Can Man Become Superman? A Challenge For Noel Quinn.

Updated: Jul 21

I first met Noel Quinn in the early 90s because he attended a number of training courses I was leading. He’s a great guy. He was genuinely caring and sincere individual who exuded decency and integrity. I’ve no reason to imagine he’s changed. I’d like to imagine that I played a small part in him having achieved his current stellar role as CEO of HSBC, one of the world’s largest banks; but the reality is that I probably made no difference to someone who was already a naturally skilled and effective leader.

One could not dispute that he has already achieved greatness in the business world. But right now Noel is in a unique position to go one step further. He is poised upon an opportunity to be a global hero. He’s one of those rare people who has not only the platform, but (apparently) also the willingness to try and make a difference to the prospects for our planet. He’s doing so through HSBC's climate strategy, which includes unbounded support for the Net Zero initiative (look it up if you’ve not heard of it). It’s brave and it’s bold.

However, I believe he can do more. A lot more. Noel Quinn can change the whole world for the better. But does he recognise this? I’ve written an open letter challenging him to do just that.

Hi Noel,

I wanted to write and congratulate you on the bank’s farsighted climate strategy and your sponsorship of/participation in the Net Zero initiative. Making it such a high-profile priority for HSBC and taking a stand in the business community requires a certain bravado, when there are still those who will pour scorn upon the idea of global warming and climate change. I admire both your personal courage and the integrity behind what you are doing. I have seen cynics dismiss the bank’s involvement as a shrewd political move, or even a publicity stunt. But if you are half the person I remember, I have no doubt whatsoever that you are wholly sincere and committed in your determination to make a difference for good in the world.

Yet it is precisely because of this fact that I have found myself wondering if you have fully explored other ways in which HSBC could/should conceivably impact upon the causes of climate change? In other words, are you actually doing enough?

I am sure you are well aware that in 2006, the United Nations declared:

“The livestock sector emerges as one of the top two or three most significant contributors to the most serious environmental problems, at every scale from local to global. The findings of this report suggest that it should be a major policy focus when dealing with problems of land degradation, climate change and air pollution, water shortage and water pollution, and loss of biodiversity.” And then four years later, they warned that “a global shift towards a vegan diet is vital to save the world from hunger, fuel poverty and the worst impacts of climate change”.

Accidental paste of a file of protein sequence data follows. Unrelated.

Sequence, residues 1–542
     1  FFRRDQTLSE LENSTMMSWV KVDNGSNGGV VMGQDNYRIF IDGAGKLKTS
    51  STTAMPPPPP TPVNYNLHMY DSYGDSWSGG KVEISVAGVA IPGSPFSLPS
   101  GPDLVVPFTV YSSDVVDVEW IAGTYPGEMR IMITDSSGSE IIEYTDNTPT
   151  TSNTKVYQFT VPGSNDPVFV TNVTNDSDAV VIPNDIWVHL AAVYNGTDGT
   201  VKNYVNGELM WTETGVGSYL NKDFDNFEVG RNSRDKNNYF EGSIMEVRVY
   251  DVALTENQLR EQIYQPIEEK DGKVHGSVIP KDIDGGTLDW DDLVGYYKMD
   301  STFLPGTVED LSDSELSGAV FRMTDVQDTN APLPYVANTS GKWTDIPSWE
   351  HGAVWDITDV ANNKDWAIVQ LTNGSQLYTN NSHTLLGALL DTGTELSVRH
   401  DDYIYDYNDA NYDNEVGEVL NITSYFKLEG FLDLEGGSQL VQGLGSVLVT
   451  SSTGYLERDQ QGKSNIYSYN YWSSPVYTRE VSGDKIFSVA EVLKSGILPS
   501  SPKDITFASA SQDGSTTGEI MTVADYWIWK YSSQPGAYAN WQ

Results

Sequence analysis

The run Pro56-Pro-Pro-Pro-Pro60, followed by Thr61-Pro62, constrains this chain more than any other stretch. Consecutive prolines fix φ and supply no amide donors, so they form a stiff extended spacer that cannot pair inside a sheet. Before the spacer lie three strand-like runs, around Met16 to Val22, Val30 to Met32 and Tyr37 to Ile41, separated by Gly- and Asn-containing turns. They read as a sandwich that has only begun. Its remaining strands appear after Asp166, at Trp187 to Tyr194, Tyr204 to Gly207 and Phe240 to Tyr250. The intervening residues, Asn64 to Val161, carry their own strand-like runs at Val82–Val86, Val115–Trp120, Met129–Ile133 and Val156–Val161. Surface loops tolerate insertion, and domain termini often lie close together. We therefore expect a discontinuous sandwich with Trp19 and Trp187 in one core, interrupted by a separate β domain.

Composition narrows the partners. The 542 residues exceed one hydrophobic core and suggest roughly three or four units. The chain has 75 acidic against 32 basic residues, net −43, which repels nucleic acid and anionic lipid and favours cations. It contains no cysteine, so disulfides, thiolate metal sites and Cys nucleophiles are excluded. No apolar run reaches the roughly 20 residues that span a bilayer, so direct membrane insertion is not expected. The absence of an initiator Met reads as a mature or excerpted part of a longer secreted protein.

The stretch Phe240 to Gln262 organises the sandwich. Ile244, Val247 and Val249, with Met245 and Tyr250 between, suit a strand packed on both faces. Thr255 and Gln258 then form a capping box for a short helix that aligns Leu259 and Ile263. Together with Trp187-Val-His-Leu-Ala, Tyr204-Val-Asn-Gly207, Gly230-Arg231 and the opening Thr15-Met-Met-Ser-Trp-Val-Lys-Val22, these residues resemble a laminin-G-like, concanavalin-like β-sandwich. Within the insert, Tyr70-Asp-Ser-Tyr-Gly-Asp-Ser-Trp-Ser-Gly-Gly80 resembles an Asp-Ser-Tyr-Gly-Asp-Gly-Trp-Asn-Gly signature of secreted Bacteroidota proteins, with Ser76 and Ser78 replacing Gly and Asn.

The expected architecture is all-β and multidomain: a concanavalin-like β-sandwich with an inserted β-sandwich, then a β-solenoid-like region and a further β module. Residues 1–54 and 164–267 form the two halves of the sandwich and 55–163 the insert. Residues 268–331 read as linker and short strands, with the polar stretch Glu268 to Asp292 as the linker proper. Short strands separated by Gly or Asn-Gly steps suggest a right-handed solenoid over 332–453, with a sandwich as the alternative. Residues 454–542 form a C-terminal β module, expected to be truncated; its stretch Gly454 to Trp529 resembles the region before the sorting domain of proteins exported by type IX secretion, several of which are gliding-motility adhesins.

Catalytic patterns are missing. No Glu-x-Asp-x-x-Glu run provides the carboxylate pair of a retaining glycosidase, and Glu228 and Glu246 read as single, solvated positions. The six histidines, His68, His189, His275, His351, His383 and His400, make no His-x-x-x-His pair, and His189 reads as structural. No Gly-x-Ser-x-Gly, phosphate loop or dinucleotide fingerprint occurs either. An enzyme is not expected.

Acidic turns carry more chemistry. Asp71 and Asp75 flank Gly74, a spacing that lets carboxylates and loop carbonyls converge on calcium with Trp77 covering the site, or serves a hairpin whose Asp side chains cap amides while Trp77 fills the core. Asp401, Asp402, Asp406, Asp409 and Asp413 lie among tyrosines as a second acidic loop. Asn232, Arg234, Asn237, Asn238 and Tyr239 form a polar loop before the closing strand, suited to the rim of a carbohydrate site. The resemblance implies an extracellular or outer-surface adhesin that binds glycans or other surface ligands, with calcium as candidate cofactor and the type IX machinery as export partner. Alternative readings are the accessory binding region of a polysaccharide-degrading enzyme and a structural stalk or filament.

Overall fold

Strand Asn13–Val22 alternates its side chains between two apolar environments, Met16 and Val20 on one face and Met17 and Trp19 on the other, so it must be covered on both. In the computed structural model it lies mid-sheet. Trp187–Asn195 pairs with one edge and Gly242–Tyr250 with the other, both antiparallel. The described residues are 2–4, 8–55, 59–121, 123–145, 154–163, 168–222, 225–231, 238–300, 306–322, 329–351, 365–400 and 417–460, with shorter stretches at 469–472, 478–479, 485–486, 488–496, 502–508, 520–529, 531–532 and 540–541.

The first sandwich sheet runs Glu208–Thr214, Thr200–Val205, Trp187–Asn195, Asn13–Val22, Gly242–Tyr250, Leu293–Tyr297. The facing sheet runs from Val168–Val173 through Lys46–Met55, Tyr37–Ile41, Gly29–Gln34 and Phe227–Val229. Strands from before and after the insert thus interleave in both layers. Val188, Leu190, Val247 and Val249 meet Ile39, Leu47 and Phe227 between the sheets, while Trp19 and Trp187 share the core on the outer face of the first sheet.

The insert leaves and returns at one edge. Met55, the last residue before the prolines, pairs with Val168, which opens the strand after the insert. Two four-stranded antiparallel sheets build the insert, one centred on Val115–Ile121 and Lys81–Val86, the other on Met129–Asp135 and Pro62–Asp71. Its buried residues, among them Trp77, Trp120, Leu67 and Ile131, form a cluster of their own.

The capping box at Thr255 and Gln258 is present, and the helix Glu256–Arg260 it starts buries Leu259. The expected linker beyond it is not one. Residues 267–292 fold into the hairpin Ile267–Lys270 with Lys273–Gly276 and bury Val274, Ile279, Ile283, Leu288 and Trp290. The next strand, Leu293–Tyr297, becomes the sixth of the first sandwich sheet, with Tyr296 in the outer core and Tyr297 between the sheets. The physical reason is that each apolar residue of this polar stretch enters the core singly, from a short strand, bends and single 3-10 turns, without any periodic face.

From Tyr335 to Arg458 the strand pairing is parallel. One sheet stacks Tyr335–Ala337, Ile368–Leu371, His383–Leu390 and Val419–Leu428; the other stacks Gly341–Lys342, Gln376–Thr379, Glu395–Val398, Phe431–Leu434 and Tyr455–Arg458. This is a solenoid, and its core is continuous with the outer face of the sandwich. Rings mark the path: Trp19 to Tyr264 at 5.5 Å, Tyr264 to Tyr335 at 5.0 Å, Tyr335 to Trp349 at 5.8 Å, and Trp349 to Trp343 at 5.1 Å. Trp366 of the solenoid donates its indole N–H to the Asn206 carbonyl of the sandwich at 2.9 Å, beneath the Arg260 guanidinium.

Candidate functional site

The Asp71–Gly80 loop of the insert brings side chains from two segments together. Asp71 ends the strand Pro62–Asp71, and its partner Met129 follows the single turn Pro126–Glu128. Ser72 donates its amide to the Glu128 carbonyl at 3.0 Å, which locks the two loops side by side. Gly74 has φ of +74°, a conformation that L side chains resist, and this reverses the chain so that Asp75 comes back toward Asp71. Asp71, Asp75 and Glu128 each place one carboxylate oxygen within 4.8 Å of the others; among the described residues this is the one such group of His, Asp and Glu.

I am sure you are equally aware that the new ‘food strategy’ for England, commissioned by the government, lays out in stark detail the damage the current food and farming system wreaks on the environment, as well as our health. “It is the biggest destroyer of nature and a major source of climate warming”, it says.

Most people may read this information and ask how this can be the case? The knowledgeable amongst us will be aware that greenhouse gas emissions, the subject of the Net Zero initiative, are not predominantly caused by animal agriculture. Indeed, only around 14% are attributable to this source, so what’s the problem? For brevity’s sake, here’s a much-simplified answer.

Whilst we may seek to reduce the outputs of harmful poisons that are damaging the atmosphere, we are simultaneously shooting ourselves in the foot by massive deforestation and land use change that removes our most powerful natural allies in combatting global warming, trees. We chop them down because it frees up land. The land is used for industrial scale production of crops. The crops are almost entirely used as fodder for the animals that we eat. Their slaughter requires additional industrial processes to process their dead bodies. This in turn creates more greenhouse gases.

In other words, as highlighted by the UN and the UK government, our dietary choices, (even at a time when there are so many alternatives becoming available) are a primary culprit in wreaking havoc upon our environment.

Your whole climate strategy and support for Net Zero is great. The degree of emphasis on it in your Linkedin communications speaks volumes about your level of commitment. HSBC’s support of businesses transitioning is simply awesome. The bank’s involvement may embolden lesser organizations and you personally may inspire other leaders with more limited foresight to change their approach to the problem.

But it’s not enough. It attacks one component of the problem, while something else much larger and damaging is going on that undermines your initiatives at every step. Regrettably, your climate change strategy will not bring about the alteration in global mindset that is needed right now. It doesn’t incorporate an element that brings the problem to the individual’s door, when that's where it should rightly be. It makes it a corporate issue, rather than something we should all feel obligated to be involved in. It ignores the fact that we’re all complicit in screwing up our own world, when something as simple as how we eat could make all the difference.